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Isn't this the problem that caused the accident that caused Ed Smith, well known Newfoundland columnist and educator to be involved in a very serious and near fatal accident several years ago.
He is now a paraplegic and uses a special computer to 'write' and communicate?
Seem to recall that comment after that accident included advice to 'never to use cruise control on icy slippery/roads'.
The fact that cruise control was was engaged at the time appeared to have contributed to, if not caused, vehicle to become uncontrollable and drive off thr road.
Our vehicle has CC; don't like it and have never used it, under any conditions. If we ever did so it would be only in completely dry and open traffic conditions.
I do know one person who disconnected their CC after a close call when it did not disengage quickly or correctly!
Comment or correction welcomed.
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terry wrote:

Hi, Using CC on icy slippery road? He must be an big time idiot!!!! All 4 of my family vehicles has CC and they are all AWD, CC is only used on straight open highways in summer time under normal weather condition. Also if one really wants to control his/her vehicle, learn to use manual shift and take some defensive driving course.
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My father's instructions were simpler; he said to drive as if 3/4 of the drivers were crazy and the other 1/4 were homicidal. It's worked for 68 years ;)
Free men own guns - www(dot)geocities(dot)com/CapitolHill/5357/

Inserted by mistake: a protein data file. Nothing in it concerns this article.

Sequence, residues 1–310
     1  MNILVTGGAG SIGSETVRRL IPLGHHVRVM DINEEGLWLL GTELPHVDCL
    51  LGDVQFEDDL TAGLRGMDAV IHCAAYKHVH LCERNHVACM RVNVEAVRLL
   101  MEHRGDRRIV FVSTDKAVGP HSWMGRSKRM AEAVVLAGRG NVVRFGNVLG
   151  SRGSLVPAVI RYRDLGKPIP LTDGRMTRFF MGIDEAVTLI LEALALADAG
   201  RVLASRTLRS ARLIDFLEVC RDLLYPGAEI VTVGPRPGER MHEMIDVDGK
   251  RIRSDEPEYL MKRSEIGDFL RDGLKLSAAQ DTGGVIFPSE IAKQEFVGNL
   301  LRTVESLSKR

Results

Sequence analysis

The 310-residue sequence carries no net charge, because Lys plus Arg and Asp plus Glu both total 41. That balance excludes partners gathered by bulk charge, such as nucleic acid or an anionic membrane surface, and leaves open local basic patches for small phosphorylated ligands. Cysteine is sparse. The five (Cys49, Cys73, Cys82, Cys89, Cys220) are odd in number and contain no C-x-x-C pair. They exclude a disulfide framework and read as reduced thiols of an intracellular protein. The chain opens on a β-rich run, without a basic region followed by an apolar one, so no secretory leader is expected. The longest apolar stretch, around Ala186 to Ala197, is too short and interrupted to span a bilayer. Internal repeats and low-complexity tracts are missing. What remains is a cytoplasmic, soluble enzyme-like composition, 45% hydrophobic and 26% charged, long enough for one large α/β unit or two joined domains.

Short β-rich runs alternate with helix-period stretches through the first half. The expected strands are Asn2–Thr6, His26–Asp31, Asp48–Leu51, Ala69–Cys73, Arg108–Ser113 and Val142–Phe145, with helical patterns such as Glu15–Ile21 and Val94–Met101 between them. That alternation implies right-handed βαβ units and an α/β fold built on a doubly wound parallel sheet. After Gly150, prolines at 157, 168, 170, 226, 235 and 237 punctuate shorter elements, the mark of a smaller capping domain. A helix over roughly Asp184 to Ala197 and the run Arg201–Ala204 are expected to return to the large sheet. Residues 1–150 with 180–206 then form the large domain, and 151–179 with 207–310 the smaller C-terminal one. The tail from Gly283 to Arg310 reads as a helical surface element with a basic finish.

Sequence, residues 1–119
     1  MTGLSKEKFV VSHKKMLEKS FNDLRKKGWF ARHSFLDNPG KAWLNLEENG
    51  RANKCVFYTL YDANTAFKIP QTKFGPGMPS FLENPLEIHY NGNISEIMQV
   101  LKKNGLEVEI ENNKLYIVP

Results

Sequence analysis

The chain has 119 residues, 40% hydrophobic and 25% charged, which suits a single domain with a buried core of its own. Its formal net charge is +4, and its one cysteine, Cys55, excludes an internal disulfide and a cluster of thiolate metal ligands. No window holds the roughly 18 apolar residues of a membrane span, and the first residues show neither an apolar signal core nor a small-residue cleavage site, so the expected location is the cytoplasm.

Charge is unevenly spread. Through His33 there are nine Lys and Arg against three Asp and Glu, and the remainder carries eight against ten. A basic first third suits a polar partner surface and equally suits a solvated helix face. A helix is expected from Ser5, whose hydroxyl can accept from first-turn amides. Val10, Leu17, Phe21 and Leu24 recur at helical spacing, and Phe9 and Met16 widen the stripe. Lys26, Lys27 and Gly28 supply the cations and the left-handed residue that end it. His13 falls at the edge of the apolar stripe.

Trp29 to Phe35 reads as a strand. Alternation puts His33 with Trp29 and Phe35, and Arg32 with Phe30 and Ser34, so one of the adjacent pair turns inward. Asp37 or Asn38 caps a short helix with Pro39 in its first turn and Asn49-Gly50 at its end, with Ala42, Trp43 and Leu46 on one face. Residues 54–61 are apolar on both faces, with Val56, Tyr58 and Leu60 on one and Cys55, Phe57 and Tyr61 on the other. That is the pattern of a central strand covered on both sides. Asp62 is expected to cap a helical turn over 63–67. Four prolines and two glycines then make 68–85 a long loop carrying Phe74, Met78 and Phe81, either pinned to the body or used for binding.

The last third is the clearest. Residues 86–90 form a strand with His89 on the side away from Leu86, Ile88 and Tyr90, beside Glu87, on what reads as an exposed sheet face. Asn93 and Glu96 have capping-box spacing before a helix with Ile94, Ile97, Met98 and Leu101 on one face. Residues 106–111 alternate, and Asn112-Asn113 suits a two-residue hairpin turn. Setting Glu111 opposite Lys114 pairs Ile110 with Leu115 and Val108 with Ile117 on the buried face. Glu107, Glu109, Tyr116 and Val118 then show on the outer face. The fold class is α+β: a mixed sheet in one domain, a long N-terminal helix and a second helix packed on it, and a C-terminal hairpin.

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Maybe I didn't get that far.

That would only be after it lights its afterburners.
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Tony Hwang wrote: ...

But outside of religious miracles, things that defy basic physics don't...
The _indication_ of higher odometer speed can be true, but that's not at all the same thing as actual higher ground speed. The sensation of acceleration described by accident victims may well be true, but it's the change in direction in virtually all cases more than the change in actual speed that is the cause of their feeling of acceleration.
That in virtually all circumstances the loss of traction will result in decreased input force to the road prevents speedup on level terrain is simply a force balance.
--
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OH PLEASE!
Hell, i drive in the city using my speedcontrol. accell, coast. etc.
s

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In that case, you are the worst kind of driver.
And, in newsgroups, we place responses at the bottom, AFTER the text we respond to. I fixed that for you.
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JoeSpareBedroom wrote:

Hmmm, His city must have high speed limit. CC does not work at low speed.
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And, there are too many things that can happen in the blink of an eye in the city. There's no good reason to use CC in the city, and no possible way to justify it.
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What are you all, a bunch of city slickers. Heck, where I live it's 10 miles to take my son to school. Cruise control is used by everyone on the expressways cuz of the distances. So before you-all condem it, realize that there are lots of different folks out there with different driving situation. If you're driving 3 miles at 10 mph, you probably don't need it. But I often drive 200 or 300 or 400 miles at at time, so it definitely helps reduce the fatigue.
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Doesn't matter. It shouldn't be used in close quarters. Nothing should come between the driver and the controls, no matter how easy it is to disable. There is no debate. You are not qualified to drive a car.
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LMMFAO!! OVER a million accident free miles on my record. how's your's?
s